vjnnsuan- unurgn. a picnic amne
was served, and the remainder o
the day was spent In a social way
The next meeting will be hold a
the same place the second Sunda:
in September, 1923. Mrs. R. F. No
zum of Frost, Ohio, 'was one o
those who came from a distant
| for the reunion. She is the sues
of Mr. and Mrs. Charles MInnea
in Reeves avenue.
Miss Margaret Wilson has re
turned to her home at Clarksburj
after visiting her aunt. Miss Nelli
Wilson, in Columbia street
James Brown of Keyser is thi
guest, of Mr. and Mrs. Guy "Utter
back in Merchant street,
Mr. and Mrs. J. W. Snowden
i T ytturrDoVoocAoewMfri
Jl s REAP? Vou Juir LIKE
in "TO boss me "nurr'a au!
fon't Be Budged -; ^
it aorou the road and atuek faat in
"Oh, goodness," said Nancy, but
t she tried a third time:
"Magic auto, spit and sputtei,
- And get us out of this old gutter."
c But the only reply was a faint
- whirr, as though the poor thing
s was trying to tell that It was no
I llio T> "nnnl/ln'l mn?> ? ?1H
* The trouble wu this, my dears:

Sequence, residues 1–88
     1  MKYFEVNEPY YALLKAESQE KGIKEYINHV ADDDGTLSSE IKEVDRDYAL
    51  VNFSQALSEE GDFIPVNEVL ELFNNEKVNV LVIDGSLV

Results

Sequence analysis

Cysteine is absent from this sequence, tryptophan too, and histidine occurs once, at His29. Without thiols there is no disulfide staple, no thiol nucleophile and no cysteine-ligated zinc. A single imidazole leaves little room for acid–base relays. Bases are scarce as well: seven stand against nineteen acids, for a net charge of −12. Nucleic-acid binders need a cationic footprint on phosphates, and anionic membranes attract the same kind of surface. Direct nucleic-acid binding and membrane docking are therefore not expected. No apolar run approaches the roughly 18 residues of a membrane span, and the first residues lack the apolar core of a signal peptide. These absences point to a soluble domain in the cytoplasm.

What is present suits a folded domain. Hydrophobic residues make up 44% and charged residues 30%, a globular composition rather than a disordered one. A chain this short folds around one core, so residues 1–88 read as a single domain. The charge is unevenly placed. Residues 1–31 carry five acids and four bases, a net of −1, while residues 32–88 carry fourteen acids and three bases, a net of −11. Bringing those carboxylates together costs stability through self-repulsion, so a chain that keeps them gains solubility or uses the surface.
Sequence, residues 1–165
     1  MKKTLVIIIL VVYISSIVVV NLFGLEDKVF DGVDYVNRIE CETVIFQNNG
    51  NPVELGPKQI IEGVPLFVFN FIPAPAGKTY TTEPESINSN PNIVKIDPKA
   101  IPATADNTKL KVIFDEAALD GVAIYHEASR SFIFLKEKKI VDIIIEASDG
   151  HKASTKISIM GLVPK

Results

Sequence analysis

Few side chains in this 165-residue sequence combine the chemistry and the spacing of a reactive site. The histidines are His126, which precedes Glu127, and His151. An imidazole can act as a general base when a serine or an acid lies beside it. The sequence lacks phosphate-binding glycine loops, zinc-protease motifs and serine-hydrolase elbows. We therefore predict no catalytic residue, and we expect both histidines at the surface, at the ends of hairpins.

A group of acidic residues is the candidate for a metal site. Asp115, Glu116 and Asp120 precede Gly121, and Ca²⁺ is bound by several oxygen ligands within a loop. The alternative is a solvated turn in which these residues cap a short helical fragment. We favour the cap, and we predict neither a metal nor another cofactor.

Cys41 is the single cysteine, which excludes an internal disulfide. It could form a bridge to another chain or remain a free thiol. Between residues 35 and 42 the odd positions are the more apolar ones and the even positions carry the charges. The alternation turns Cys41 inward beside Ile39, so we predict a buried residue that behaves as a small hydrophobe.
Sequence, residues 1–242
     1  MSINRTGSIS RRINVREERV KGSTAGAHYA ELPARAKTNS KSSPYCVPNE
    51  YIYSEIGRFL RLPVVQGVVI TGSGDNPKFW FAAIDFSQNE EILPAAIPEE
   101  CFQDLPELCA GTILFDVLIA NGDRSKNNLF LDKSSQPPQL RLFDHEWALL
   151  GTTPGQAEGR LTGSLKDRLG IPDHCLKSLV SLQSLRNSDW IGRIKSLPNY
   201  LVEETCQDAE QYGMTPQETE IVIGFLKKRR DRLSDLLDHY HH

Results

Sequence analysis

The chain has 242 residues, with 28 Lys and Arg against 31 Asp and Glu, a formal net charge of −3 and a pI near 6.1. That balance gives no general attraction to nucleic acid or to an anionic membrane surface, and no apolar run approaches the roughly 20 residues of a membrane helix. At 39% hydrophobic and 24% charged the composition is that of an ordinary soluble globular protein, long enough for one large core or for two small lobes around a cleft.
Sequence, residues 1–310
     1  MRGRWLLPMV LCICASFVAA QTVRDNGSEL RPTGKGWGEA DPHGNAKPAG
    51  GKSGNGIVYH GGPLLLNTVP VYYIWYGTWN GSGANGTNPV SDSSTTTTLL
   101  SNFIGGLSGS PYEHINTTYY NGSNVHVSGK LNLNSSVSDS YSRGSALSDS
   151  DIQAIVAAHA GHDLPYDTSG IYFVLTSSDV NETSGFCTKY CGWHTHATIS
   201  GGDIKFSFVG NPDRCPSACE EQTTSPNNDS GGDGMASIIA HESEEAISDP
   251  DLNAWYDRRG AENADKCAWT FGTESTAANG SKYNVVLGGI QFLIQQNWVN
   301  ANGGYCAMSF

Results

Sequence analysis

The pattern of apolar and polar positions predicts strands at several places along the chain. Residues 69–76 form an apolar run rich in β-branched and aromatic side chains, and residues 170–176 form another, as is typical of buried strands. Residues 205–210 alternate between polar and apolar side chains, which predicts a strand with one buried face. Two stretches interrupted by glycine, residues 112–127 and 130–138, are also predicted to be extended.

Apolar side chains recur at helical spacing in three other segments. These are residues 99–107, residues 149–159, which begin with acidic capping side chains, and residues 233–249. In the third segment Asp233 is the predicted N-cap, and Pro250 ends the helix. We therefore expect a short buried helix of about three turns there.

Up In the sky in Bluster-Oust
1 Land, Light Fingers and Comet
Legs, two bad fairies, had flump?
ed a barrel of magic rain down on
y the earth. That's why the Twins
skidded and why the magic automobile
couldn't go.
"Ob, my goodness . look at
that," laughed Comet-Legs, peepi
Ing down out of the sk? "We'll
get that automobile yet."
Then the two of them straddled
Comet-Legs' star and rode away,
right toward the place the Twins
y were. v
(To Be Continued)
cj (Copyright, 1922, NBA Servioe)
a son Ralph and Mrs. Snowden's
l mother, Mrs. Susan Satterfield, moI
tored to Triune and Halleck Sunday
i and spent the day with relatives.
Miss Lessie Wilson of Morgantown
has retumod to her home after
a short visit with Miss Opal
u Keener at her home in State street.
y | Berton Btaley's Poem |j
h If a lap-dog were big as a
. pachyderm.
v And an elephant small as a dog,
* 'Twould be unusual. I affirm,
t; And wo would be all agog,
c But after a little while, I'll bet
The matter would cease to irk
i- We'd keep 'the elephant as a pet,
i. ,\nd send the dog to the circus.
> If ?a horse should shrink to . the
B size of a mouse,
i And a mouse grow large as -a
l*| horse,
'* Thure wouldn't be room for the
mice in the house v..
rj (You follow my thought, of
V| So we'd hitch the mice to the
*! sulky plow?
s; They'd take to It .by degrees-^Pi
And day by ddy we would worry
si how
i. To keep the horse from the
If a flea should grow to the size
of a man.
And a man grow small aB a
flea, ,
J Why, lire would be on a different
1 plan
h From what it used to be;
For the man would hop and the
J man would bite,
1 And the flea would have to
' chase him,
- Swatting the air with all hi: